Billmire, Deborah F. ; Cullen, John W. ; Rescorla, Frederick J. ; Davis, Mary ; Schlatter, Marc G. ; Olson, Thomas A. ; Malogolowkin, Marcio ; Pashankar, Farzana ; Villaluna, Doojduen ; Krailo, Mark ; Egler, Rachel A. ; Rodriguez-Galindo, Carlos ; Frazier, A. Lindsay. / Surveillance after initial surgery for pediatric and adolescent girls with stage I ovarian germ cell tumors : Report from the children's oncology group. In: Journal of Clinical Oncology. 2014 ; Vol. 32, No. 5. pp. 465-470.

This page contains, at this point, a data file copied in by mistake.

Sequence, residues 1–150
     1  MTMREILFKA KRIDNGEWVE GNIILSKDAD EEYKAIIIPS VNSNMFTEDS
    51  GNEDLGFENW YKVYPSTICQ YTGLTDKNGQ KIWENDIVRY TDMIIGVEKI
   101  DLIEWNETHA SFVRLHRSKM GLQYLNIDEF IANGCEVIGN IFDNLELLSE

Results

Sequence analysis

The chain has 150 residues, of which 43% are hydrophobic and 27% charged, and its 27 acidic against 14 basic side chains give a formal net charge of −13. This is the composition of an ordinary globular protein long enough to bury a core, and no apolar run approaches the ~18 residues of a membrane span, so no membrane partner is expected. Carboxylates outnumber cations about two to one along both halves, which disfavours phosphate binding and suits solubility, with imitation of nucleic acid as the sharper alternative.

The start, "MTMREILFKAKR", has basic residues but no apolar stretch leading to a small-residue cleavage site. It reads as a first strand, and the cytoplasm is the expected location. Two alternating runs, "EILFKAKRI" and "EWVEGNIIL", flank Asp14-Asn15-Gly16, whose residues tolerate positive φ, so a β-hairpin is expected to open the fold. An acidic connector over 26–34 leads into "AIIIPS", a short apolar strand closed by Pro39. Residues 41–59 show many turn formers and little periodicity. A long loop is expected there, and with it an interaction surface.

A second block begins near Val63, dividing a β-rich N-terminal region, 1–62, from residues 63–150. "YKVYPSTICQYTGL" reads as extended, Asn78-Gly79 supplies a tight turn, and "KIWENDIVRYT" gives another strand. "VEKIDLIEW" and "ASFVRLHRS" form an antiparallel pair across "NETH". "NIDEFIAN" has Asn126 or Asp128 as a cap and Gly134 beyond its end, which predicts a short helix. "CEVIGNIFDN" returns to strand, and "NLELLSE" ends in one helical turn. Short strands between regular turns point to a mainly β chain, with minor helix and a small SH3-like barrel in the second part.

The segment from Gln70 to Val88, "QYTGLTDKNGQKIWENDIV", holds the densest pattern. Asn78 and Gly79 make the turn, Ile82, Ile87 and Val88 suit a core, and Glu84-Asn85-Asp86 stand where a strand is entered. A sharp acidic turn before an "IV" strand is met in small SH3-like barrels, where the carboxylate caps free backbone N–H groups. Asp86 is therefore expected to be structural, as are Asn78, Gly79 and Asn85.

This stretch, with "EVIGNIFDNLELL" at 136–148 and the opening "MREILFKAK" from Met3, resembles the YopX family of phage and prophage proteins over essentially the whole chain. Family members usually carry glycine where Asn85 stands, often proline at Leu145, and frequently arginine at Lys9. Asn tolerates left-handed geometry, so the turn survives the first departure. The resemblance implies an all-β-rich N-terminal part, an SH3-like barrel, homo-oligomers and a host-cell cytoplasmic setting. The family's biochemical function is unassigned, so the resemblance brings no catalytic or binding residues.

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abstract = "Purpose: To determine whether overall survival (OS) can be preserved for patients with stage I pediatric malignant ovarian germ cell tumor (MOGCT) with an initial strategy of surveillance after surgical resection. Patients and Methods: Between November 2003 and July 2011, girls age 0 to 16 years with stage I MOGCT were enrolled onto Children's Oncology Group study AGCT0132. Required histology included yolk sac, embryonal carcinoma, or choriocarcinoma. Surveillance included measurement of serum tumor markers and radiologic imaging at defined intervals. In those with residual or recurrent disease, chemotherapy with compressed PEB (cisplatin, etoposide, and bleomycin) was initiated every 3 weeks for three cycles (cisplatin 33 mg/m2 on days 1 to 3, etoposide 167 mg/m2 on days 1 to 3, bleomycin 15 U/m2 on day 1). Survivor functions for event-free survival (EFS) and OS were estimated using the Kaplan-Meier method. Results: Twenty-five girls (median age, 12 years) with stage I MOGCT were enrolled onto AGCT0132. Twenty-three patients had elevated alpha-fetoprotein (AFP) at diagnosis. Predominant histology was yolk sac. After a median follow-up of 42 months, 12 patients had evidence of persistent or recurrent disease (4-year EFS, 52{\%}; 95{\%} CI, 31{\%} to 69{\%}). Median time to recurrence was 2 months. All patients had elevated AFP at recurrence; six had localized disease, two had metastatic disease, and four had tumor marker elevation only. Eleven of 12 patients experiencing relapse received successful salvage chemotherapy (4-year OS, 96{\%}; 95{\%} CI, 74{\%} to 99{\%}). Conclusion: Fifty percent of patients with stage I pediatric MOGCT can be spared chemotherapy; treatment for those who experience recurrence preserves OS. Further study is needed to identify the factors that predict recurrence and whether this strategy can be extended successfully to older adolescents and young adults.",